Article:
Many African American ventures end up struggling or failing due to a lack of access to capital. Another common reason businesses fail is that the business owner leading the operation lacks the business know-how to navigate the bumpy road that comes with entrepreneurship.
However, there are programs available to help alleviate some of these challenges. Among them is the 10,000 Small Businesses initiative. Sponsored by Goldman Sachs, this is a $500 million initiative designed to provide 10,000 small businesses across the United States with business education, mentors, networks, and capital. The program is mainly designed for small businesses operating in economically disadvantaged areas with revenues ranging from $150,000 and $4 million that have been in operation for at least two years and have at least four full-time employees. The program also looks for a scalable business model that can potentially create more jobs.
The program (which is expanding) is currently available for businesses located in Chicago, Los Angeles, New York, Long Beach, Houston and New Orleans. “I think the key thing is it encourages and assists an entrepreneur with self-analysis. One of the challenges with entrepreneurs is they’re the chief, cook and bottle-washer,” says Marc H. Morial, president and CEO of the National Urban League, who serves on the program’s advisory council. “They’re doing so many things themselves…sometimes they’re working hard every day and have very little time for introspection and the development of strategy.”
The program focuses on three areas: business and management education, access to capital and business support services.
Business and Management Education: Through partnerships with local colleges and universities, participants receive an education that focuses on business skills that can immediately be applied by entrepreneurs, including accounting, marketing and human resources management.
Access to Capital: Through a combination of lending and philanthropic support to Community Development Financial Institutions (CDFIs), some $300 million will be available for small businesses.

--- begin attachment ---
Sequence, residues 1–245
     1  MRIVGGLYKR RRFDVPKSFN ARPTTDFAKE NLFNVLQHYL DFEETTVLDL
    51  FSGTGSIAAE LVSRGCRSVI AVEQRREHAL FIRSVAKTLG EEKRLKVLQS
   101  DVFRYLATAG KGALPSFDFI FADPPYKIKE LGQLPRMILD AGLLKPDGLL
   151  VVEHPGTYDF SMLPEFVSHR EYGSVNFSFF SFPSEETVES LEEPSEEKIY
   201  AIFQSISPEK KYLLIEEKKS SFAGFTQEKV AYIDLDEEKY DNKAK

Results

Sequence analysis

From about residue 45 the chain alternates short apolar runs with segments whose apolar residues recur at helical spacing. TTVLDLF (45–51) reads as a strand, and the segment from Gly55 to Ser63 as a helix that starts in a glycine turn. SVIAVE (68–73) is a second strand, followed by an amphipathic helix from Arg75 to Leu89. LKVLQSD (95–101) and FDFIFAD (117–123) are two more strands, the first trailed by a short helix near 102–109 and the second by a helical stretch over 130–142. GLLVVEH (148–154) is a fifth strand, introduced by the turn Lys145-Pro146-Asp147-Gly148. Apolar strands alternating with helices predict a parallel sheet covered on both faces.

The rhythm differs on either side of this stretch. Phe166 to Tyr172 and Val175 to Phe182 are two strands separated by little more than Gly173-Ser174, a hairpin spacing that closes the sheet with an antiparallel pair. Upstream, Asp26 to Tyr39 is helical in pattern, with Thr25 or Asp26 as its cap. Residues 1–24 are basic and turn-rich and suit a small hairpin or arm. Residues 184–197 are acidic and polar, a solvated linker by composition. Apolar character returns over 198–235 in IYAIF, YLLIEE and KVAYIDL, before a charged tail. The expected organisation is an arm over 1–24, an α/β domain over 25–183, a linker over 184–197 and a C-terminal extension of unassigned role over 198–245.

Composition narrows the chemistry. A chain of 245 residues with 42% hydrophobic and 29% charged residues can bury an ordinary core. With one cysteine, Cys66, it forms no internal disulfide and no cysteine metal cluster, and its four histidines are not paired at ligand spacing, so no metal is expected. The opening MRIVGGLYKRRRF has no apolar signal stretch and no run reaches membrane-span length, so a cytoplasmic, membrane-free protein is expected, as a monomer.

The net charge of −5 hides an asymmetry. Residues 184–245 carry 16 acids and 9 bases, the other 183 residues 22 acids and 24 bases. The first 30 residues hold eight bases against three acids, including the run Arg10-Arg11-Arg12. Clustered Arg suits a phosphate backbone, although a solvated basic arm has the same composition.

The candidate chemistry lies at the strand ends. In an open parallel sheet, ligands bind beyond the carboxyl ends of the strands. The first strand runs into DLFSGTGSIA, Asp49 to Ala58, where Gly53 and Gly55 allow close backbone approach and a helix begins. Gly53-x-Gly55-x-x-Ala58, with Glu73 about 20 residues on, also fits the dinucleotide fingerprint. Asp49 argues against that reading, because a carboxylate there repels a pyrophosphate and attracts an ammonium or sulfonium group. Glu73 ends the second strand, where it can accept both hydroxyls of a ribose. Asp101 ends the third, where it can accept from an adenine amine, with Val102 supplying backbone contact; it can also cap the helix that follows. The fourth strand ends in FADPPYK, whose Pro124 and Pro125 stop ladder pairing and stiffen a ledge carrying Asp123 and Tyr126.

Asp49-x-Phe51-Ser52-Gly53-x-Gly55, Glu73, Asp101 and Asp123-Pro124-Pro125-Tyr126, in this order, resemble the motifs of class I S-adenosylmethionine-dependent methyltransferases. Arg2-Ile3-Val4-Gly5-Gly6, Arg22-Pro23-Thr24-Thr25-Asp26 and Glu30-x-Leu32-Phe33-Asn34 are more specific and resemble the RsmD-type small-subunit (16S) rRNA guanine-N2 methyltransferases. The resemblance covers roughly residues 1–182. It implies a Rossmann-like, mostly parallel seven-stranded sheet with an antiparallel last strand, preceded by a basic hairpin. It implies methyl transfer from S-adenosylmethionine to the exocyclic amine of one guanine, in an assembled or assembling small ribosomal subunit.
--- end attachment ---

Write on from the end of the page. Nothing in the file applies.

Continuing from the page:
Business Support Services: Advice and technical assistance will be offered to participating small business owners.
One entrepreneur who has participated in the program is Jason Horne, who owns the XS Martial Arts Dojo in New Orleans, which has around 200 students. After being accepted into the program, Horne was instructed how to operate and grow his business. “I would say that a lot of the things that I’ve taken from that program has boosted my growth and revenue,” he says. “When we finished this program, we understood that regardless of what business you’re in…the business side of business is still business.”
Not all small businesses will qualify. “The selection is competitive and the people who are invited to be a part of it are people who already have an established commitment to their small business, says Morial. “They’re not startups that just have a business plan and an idea. It also addresses the multiplicity of barriers that small businesses face and the development of a very specific curriculum.”
Horne says that since completing the program in June, revenues have increased around 10%. “Now and that’s a short time but we’ve been able to climb tremendously in the past couple of months in our revenue stream and it’s just by me being able to sell the business more and not work in the business as much as I have in the past.”
Entrepreneurs looking to participate in the program can click GoldmanSachs.com.